Earth Day is coming up this Wednesday, so I thought today we’d talk a little about the history of this great day on our planet. It’s a day designed to inspire awareness and appreciation for our Mother Earth.
In September 1969 at a conference in Seattle, Washington, U.S. Senator Gaylord Nelson of Wisconsin announced a “nationwide grassroots demonstration on the environment” that would be celebrated the following Spring. This announcement came at a time of great concern about overpopulation and when there was a strong movement towards "Zero Population Growth."
Senator Nelson proposed the nationwide environmental protest in order to thrust the environment onto the national agenda.
"It was a gamble," he recalls, "but it worked."
April 22, 1970, Earth Day marked the beginning of the modern environmental movement as approximately 20 million Americans participated, with a goal of a healthy, sustainable environment.
The man who coordinated all those people, Denis Hayes led the organization of massive coast-to-coast rallies. There were thousand of colleges and universities organizing protests against the abuse and deterioration of the environment. Groups that had fought against pollution of factories, steel mills, and power plants, organizing against oil spills, raw sewage, toxic dumps, pesticides, freeways and wildlife extinction all suddenly came together under one umbrella.
By Earth Day on April 22, 1990, the number answering the rally cry had reached 200 million, with a huge boost to recycling efforts worldwide. It also helped pave the way for the 1992 United Nations Earth Summit in Rio de Janeiro.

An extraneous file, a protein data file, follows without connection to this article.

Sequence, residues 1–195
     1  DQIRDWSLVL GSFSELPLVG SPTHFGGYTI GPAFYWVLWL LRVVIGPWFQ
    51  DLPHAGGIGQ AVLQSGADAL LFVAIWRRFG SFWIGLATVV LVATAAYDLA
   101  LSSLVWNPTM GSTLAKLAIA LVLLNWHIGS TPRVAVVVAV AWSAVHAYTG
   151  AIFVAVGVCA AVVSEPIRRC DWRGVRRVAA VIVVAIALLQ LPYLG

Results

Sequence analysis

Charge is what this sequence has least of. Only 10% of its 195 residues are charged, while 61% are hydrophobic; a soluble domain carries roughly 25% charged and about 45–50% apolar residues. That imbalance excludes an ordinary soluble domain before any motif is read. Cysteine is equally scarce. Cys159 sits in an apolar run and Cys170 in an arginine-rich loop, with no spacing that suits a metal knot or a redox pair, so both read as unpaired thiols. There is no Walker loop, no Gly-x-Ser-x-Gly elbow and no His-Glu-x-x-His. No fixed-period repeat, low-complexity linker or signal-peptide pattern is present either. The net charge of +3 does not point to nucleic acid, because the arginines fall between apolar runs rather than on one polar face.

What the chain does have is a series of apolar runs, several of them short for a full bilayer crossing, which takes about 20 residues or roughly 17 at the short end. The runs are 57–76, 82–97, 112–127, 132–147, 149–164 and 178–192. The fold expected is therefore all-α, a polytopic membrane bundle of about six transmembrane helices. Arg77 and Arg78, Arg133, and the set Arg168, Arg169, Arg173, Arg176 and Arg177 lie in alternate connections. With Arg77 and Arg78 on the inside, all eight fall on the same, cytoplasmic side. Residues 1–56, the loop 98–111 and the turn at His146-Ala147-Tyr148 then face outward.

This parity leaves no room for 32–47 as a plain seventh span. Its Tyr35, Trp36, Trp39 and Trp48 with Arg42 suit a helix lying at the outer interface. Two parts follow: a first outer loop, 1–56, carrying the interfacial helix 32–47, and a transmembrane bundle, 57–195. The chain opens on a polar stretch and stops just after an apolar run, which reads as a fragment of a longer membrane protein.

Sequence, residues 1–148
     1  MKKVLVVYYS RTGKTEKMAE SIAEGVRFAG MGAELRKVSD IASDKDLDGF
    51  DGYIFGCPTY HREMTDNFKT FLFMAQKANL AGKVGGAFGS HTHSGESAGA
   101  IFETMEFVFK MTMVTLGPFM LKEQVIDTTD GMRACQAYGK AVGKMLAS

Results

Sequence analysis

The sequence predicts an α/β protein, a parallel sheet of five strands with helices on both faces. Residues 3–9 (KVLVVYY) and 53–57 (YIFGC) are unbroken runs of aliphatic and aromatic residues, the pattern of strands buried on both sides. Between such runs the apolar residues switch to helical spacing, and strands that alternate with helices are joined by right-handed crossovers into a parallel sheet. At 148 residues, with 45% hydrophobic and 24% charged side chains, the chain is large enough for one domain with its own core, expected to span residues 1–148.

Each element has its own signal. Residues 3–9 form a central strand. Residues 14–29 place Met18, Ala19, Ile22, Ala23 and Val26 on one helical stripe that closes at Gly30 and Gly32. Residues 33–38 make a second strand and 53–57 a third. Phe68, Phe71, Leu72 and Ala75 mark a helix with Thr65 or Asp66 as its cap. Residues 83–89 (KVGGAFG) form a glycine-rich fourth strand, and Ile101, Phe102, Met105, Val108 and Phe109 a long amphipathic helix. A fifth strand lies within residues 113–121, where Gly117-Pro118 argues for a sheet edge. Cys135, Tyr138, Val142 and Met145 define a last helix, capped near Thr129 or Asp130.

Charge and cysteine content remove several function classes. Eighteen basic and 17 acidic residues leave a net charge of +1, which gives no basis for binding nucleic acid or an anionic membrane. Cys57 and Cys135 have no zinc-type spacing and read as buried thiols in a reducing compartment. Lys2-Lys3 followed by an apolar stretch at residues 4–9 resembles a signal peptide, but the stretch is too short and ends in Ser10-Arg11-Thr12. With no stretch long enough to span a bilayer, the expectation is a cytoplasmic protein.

The Earth Day in 2000 focused on global warming and a push for clean energy. It combined the big-picture feistiness of the first Earth Day with the international grassroots activism of Earth Day 1990. It also had the Internet helping to link activists around the world as 5,000 environmental groups reached out to hundreds of millions of people in a record 184 countries. Earth Day 2000 sent the message loud and clear that citizens the world 'round wanted quick and decisive action on clean energy. Earth Day 2007 was one of the largest Earth Days to date, with an estimated billion people participating in the activities in thousands of places like Kiev, Ukraine; Caracas, Venezuela; Tuvalu; Manila, Philippines; Togo; Madrid, Spain; London; and New York.
Earth Day 2009 is expected to push forward with more driving force, bringing over half a billion people together with one goal and focus: to stop deterioration and pollution of the planet; to undo damage where possible and to provide a better world for all of us to live in. We hope you will join in this wondrous cause with us.